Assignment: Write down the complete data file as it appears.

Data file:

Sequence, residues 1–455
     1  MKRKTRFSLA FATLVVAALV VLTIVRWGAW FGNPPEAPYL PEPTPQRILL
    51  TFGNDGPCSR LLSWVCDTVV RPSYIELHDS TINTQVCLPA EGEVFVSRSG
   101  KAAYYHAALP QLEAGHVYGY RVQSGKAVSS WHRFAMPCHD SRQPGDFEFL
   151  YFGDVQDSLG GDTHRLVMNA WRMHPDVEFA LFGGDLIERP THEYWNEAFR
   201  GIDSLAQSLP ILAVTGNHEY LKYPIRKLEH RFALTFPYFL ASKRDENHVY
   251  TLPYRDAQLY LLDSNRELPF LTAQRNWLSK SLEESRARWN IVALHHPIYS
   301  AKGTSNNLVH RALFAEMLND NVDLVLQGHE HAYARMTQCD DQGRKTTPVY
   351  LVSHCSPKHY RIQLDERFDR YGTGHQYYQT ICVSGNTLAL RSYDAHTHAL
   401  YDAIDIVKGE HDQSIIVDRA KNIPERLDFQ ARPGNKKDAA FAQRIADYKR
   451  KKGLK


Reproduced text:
Sequence, residues 1–455
     1  MKRKTRFSLA FATLVVAALV VLTIVRWGAW FGNPPEAPYL PEPTPQRILL
    51  TFGNDGPCSR LLSWVCDTVV RPSYIELHDS TINTQVCLPA EGEVFVSRSG
   101  KAAYYHAALP QLEAGHVYGY RVQSGKAVSS WHRFAMPCHD SRQPGDFEFL
   151  YFGDVQDSLG GDTHRLVMNA WRMHPDVEFA LFGGDLIERP THEYWNEAFR
   201  GIDSLAQSLP ILAVTGNHEY LKYPIRKLEH RFALTFPYFL ASKRDENHVY
   251  TLPYRDAQLY LLDSNRELPF LTAQRNWLSK SLEESRARWN IVALHHPIYS
   301  AKGTSNNLVH RALFAEMLND NVDLVLQGHE HAYARMTQCD DQGRKTTPVY
   351  LVSHCSPKHY RIQLDERFDR YGTGHQYYQT ICVSGNTLAL RSYDAHTHAL
   401  YDAIDIVKGE HDQSIIVDRA KNIPERLDFQ ARPGNKKDAA FAQRIADYKR
   451  KKGLK